Posted by David Tillson in January 2016 – Fourth Quarter Commentary
This quarter’s letter was initially designed to take a slightly somber tone of “2015 was a little rocky, but not too much damage was done.” However, given the inauspicious start to 2016, a different focus is clearly in order. Just to put 2015 to bed, the market, depending on your definition, was essentially flat. The Russell 1000 and S&P 500 Indexes were up approximately 1% while their growth and value constituents showed plus 5% and negative 4% returns, respectively. Major bond indices were in these same ranges which had the practical effect of most major investment strategies having similar performance. For those investors who were looking for a home run, it was necessary to have owned the likes of Amazon or Netflix (up 120% and 135%, respectively). With investments in such areas as Emerging Markets, Energy and Commodities declining anywhere from 10% to more than 40%, simply avoiding losers turned out to be one of the best ways to protect your purchasing power in 2015.
At the start of 2016, it’s evident that investors are concerned that our relatively sluggish recovery from the Great Recession is faltering. The numerous worries and risks that seem to be foremost in peoples’ minds are: rising interest rates, the collapse in the price of oil, weakness in China and in corporate earnings at home. On top of this there is also concern around potential inflation and potential deflation, the length of the stock market’s bull market, and geopolitical risks. This list of concerns is longer than normal which may mean that either the world really is falling apart or that human behavior is once again skewing peoples’ focus away from a balanced view of the world. While our crystal ball is not any clearer than anyone else’s, we would like to add some balance to opposing views. To sum up the major questions: 1) Has the stock market risen too far without a correction? 2) Will the U.S. fall into recession? and, 3) Is inflation or deflation the greatest worry?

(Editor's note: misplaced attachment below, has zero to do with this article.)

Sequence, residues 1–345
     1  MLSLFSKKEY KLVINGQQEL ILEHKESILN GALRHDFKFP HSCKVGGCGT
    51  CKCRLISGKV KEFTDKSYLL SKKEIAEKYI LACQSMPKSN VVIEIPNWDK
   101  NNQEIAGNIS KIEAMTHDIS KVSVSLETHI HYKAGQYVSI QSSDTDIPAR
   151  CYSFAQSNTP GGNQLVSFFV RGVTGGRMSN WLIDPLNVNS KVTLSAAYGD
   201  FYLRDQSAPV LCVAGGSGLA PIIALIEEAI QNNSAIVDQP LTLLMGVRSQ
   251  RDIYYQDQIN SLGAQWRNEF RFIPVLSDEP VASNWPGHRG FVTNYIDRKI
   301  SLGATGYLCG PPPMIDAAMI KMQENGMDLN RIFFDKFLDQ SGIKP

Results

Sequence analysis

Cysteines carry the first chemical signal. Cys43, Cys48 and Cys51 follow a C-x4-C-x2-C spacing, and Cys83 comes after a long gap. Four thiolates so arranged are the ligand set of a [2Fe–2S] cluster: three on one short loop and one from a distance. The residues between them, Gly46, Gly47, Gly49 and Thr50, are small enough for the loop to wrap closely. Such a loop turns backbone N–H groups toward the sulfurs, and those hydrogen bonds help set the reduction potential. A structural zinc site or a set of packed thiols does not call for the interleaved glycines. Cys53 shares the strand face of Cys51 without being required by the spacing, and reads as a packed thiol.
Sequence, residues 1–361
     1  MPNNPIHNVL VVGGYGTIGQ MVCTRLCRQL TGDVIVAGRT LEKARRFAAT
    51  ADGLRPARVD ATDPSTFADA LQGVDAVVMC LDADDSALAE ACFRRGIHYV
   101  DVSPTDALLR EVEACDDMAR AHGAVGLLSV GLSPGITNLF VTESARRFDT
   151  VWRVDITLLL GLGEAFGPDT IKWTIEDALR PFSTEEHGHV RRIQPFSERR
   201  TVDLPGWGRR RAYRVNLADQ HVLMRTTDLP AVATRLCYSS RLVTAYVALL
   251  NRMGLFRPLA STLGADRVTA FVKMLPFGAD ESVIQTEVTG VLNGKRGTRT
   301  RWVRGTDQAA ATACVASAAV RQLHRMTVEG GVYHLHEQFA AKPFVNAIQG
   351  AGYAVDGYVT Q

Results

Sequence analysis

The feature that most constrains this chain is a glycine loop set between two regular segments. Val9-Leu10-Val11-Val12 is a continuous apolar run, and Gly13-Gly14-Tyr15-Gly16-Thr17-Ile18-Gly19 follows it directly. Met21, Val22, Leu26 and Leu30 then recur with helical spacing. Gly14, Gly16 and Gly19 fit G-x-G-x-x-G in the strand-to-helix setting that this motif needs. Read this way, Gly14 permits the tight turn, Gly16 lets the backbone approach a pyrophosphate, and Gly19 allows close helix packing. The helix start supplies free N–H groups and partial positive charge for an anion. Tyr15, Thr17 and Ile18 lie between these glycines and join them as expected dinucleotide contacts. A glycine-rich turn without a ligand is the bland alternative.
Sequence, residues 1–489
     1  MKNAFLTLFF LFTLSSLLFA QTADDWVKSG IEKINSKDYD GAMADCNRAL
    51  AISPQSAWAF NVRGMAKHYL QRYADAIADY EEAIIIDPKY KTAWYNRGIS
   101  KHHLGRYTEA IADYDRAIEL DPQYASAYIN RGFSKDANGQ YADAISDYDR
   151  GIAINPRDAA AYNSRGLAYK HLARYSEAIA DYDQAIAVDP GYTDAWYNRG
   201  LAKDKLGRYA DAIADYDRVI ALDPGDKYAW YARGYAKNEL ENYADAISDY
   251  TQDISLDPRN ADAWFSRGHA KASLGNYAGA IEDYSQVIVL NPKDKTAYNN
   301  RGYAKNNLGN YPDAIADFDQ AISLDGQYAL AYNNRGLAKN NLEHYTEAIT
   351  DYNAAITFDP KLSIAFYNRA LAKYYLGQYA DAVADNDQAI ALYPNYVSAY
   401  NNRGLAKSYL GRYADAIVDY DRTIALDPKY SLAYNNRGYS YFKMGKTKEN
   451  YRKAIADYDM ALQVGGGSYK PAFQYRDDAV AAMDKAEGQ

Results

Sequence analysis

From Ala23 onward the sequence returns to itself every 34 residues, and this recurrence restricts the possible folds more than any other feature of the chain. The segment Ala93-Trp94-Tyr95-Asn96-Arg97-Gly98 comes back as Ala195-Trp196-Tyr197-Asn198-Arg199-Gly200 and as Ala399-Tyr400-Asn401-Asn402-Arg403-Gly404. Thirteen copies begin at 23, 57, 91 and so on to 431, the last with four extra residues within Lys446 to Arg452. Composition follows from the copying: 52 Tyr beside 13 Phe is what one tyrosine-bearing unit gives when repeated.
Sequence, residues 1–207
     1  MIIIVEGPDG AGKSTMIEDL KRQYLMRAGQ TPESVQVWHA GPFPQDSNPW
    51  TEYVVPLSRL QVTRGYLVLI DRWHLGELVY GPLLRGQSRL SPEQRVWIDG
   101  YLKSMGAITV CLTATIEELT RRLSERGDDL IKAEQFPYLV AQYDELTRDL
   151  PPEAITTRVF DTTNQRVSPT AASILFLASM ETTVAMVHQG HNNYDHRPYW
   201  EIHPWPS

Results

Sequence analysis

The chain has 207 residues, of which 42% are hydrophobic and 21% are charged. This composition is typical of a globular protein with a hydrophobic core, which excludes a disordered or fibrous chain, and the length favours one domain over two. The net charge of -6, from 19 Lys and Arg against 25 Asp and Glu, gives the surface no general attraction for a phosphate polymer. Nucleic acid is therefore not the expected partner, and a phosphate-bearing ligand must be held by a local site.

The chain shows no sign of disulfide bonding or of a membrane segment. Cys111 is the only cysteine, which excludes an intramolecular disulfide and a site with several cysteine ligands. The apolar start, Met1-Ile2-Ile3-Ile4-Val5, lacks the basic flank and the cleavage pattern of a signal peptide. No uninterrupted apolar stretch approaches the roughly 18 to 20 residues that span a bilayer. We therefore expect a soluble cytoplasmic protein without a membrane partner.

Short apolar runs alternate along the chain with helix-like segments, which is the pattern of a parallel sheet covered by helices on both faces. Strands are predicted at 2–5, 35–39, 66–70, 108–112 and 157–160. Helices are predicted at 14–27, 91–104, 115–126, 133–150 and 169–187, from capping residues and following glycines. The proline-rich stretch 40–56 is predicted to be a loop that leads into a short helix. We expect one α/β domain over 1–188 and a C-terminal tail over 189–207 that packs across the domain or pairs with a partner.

Stocks have risen, but has it been too far? They have compounded at 15% per year since the end of 2008 (well ahead of the past 90 years’ 10% average return) and have not had a negative year for the past seven years. Many investors feel that this alone means that the market is overdue for a correction, which the first few weeks of January graciously provided. Now the question is: “How much more is to come?” Our perspective is that the past seven years marked a recovery from a very deep trough and that we are finally more or less where we should be in terms of the valuation people are willing to pay for stocks. If we are, volatility and regular corrections should not be surprising. The decade of the 2000’s began with the tech bubble and progressed to a housing bubble, which created two major stock market collapses. Stock returns have averaged only 5.0% annually since 2000 (height of the tech bubble), and only 8% per year for the 20 years since 1995 (before the tech bubble), both of which are below the 10% ninety year average. Our answer to: “Has the market risen too far?” is “Possibly,” but the rise has not been so far that investors should fear another correction like those of the 2000’s. Long term investors recognize corrections for what they always have been – temporary deviations from a secular upward trend. Today however, we ask whether conditions are truly different from the past and whether any differences are material enough to have broken the secular long term trend of 6.5% earnings growth.